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The bill paves the way for Greece's next instalment of loans, but will cost 25,000 public-sector employees their jobs.
Greece on Wednesday passed a divisive bill that will eliminate thousands of public-sector jobs but help the debt-strapped nation qualify for billions in bailout money from international lenders.
Earlier Wednesday, thousands of people had gathered outside parliament in protest. But the bill passed in a late-night vote, with 153 of the 293 lawmakers present voting in favor of the unpopular measure, according to Reuters.
The good news for the Greeks is that the bill paves the way for the next instalment of loans from their troika of funders, the International Monetary Fund, the European Central Bank, and the European Commission. The bad news is that 25,000 public-sector employees, most of them teachers or police officers, will lose their jobs, according to Deutsche Welle.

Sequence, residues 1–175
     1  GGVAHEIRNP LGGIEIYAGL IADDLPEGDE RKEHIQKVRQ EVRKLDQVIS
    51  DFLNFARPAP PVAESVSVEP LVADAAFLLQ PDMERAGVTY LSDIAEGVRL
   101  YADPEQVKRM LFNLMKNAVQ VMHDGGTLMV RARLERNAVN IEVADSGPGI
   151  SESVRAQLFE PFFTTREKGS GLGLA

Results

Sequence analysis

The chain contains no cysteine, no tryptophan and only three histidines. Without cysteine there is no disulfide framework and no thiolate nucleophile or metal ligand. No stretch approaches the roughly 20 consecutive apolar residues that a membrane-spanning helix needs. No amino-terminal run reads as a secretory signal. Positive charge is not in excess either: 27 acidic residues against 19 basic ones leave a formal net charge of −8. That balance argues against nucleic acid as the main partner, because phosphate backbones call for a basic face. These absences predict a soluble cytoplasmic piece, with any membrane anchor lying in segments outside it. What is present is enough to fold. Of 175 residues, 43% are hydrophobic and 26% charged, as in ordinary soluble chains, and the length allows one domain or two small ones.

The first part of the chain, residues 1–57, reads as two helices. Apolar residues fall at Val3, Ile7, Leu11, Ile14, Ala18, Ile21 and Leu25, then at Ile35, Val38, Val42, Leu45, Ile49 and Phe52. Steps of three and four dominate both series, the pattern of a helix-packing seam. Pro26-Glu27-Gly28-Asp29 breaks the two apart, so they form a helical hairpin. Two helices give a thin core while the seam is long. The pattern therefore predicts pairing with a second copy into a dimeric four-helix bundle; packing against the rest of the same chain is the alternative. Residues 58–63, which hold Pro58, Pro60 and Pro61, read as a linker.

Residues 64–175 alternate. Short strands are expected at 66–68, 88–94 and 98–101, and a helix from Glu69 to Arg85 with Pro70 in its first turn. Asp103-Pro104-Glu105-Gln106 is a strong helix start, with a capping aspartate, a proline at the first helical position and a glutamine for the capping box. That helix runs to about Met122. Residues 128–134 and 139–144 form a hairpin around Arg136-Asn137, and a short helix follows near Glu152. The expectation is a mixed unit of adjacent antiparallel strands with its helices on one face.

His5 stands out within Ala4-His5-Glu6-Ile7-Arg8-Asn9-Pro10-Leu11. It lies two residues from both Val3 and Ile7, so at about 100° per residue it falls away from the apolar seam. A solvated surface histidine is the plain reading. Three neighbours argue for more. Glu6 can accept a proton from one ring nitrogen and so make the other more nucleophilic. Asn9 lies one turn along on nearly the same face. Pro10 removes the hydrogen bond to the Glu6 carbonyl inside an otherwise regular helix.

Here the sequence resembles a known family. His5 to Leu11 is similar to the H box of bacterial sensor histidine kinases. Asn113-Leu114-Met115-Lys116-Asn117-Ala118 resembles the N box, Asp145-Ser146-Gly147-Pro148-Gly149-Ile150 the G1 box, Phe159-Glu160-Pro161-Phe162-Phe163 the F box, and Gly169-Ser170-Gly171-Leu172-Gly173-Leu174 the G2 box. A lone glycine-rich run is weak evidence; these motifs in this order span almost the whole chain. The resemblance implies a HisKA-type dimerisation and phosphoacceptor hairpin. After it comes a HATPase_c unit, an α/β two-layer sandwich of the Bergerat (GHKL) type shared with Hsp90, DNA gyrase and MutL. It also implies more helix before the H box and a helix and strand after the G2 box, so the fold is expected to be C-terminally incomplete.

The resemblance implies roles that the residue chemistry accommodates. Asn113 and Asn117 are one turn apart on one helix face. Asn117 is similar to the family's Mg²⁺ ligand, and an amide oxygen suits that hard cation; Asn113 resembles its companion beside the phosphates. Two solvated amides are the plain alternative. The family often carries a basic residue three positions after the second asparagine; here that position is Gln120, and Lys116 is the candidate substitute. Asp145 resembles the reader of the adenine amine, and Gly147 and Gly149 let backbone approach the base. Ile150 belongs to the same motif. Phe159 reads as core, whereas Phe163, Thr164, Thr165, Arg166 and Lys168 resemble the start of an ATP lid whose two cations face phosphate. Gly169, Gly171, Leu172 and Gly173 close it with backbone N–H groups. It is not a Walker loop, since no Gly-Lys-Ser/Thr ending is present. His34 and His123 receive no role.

There has been fierce resistance to the bill, with protests taking place daily for the past week.
"After 12 years on the job, they fire us in one night," 52-year-old school guard Patra Hatziharalampous told Reuters. "If they have any guts, they should say no to the bailout and take some of the bill's articles back," she added.
Greek Prime Minister Antonis Samaras, who addressed the nation right before the vote, promised that "[b]etter days will come for our people," reported Al Jazeera. "We will not let up," he said. "We will climb uphill and reach the end, which is not far."
The legislation also includes a "mobility reserve program" allowing the government to transfer and possibly fire other civil servants, a provision likely tied to a promise to lay off a further 15,000 people by the end of next year, said Deutsche Welle.
Unemployment in Greece is at 27 percent.